Ever since I was a child growing up in a struggling Italian economy, economics has helped me better understand the world. Economics gave me a voice during my family’s dinnertime conversations about Italian unemployment or the soaring tax rate, and it allowed me to make sense of adult behavior that otherwise confused me, such as why my parents always bought my clothes in the United States. To many, economics might seem dry or theoretical, but the truth is that its implications surround us. Economics is a major force in everything from politics to investing, from careers to decisions about the best way to finance our educations.
And yet, there are few girls at Andover pursuing economics, and, in general, the field suffers from female underrepresentation. Even if you don’t plan to become an economist, knowing a bit about economics and developing financial literacy is a necessary tool that can help you make better decisions.
When I first arrived at Andover, I was dismayed by the lack of representation for girls in economics classes – only 31 percent of students taking Economics were female in the fall of 2014, according to the Dean of Studies office. Even outside of the classroom, I was one of only two girls attending meetings run by Andover Economics Society. Now, as Managing Director of the club, I am writing with the intention to encourage more girls to join the club, attend our meetings and take economics courses.
Developing financial literacy is key in enabling women to achieve our full potential in society. On a professional level, many management and executive jobs require an understanding of internal financial matters, as well as of the broader external market forces that businesses and organizations contend with. Familiarity with economic terminology and practices will help accelerate female advancement in a wide range of careers.
Historically, women have been forced into dependence on others to manage personal financial matters. At various periods throughout history, for example, women could not legally inherit property. Until the Equal Credit Opportunity Act was passed in 1974, women could not apply for credit, regardless of their income, without a male co-signing the credit application. In fact, until 1978, U.S. employers were legally allowed to fire women from their jobs simply because they were pregnant. This historical discrimination has rendered women less financially competent and less capable of taking charge of their lives and financial security. Women’s work is still undervalued; females earn, on average, a mere $0.79 for every $1.00 a male earns for the same job – and this disparity is even worse for women of color.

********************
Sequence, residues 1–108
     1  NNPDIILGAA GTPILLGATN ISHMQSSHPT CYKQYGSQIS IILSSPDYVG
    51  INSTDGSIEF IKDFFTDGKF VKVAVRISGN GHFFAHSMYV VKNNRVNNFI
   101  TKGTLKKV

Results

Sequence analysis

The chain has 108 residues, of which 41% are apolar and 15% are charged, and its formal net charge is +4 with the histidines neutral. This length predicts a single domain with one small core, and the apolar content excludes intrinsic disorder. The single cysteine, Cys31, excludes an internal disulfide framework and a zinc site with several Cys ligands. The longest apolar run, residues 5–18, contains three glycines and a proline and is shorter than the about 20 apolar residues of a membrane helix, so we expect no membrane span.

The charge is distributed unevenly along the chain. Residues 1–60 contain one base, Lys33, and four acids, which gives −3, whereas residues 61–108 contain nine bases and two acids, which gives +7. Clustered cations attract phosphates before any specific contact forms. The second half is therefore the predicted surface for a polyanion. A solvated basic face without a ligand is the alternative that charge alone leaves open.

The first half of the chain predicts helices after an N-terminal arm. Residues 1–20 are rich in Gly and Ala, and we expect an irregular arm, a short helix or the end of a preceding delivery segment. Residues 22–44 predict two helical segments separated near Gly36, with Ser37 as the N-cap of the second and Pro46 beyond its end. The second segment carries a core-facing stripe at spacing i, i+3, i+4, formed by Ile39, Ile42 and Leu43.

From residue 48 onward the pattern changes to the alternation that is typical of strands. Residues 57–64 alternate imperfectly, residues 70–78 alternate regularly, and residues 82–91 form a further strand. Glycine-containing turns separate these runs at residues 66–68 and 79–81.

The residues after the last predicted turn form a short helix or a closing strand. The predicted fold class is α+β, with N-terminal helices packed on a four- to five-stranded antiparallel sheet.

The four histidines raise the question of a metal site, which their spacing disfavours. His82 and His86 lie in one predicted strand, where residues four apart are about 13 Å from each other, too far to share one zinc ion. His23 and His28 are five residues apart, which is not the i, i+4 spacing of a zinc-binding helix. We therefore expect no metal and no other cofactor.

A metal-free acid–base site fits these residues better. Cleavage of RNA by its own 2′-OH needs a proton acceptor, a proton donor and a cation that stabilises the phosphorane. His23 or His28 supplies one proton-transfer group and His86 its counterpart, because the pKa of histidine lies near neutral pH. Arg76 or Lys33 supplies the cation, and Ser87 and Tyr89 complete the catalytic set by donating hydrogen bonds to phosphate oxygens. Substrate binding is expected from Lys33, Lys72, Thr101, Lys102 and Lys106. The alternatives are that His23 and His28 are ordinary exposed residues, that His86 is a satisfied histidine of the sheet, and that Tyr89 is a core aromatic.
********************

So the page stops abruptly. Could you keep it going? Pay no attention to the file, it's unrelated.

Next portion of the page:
Knowledge in economics is a powerful force for mobilizing equality. While many female leaders in economics have established a new chapter in the history of this academic field, more female involvement is necessary. There has never been a female president of the European Central Bank, the World Bank or of the United States. The first woman to become chairman of a Fortune 500 company was Katharine Graham in 1972, and 50 years later, women continue to make up a meager fraction of the Boards of Fortune 500 companies, who tend to pay well and provide more financial opportunities for women. Yet, it is true that women have broken the glass ceiling, with Janet Yellen, Chair of the Federal Reserve; Angela Merkel, Chancellor of Germany; and Christine Lagardem Managing Director of the International Monetary Fund, just to name a few. Elinor Ostrom won the Nobel Prize in Economics in 2009, and there are several more female economists who have done groundbreaking work and may win in the future.
Change starts with role models like these encouraging women and with our own commitment to our education. Female students should feel encouraged to take economics courses, giving women more presence in a field that has typically been dominated by men. To Upper girls at Andover: I hope you will take on the challenge of signing up for an economics course. To every female student on campus: I encourage you to come and participate in the Economics Society to acquire a more thorough understanding of the world we live in. Together we can make a big impact on the way economics is viewed by future girls – and future leaders – right here from Andover.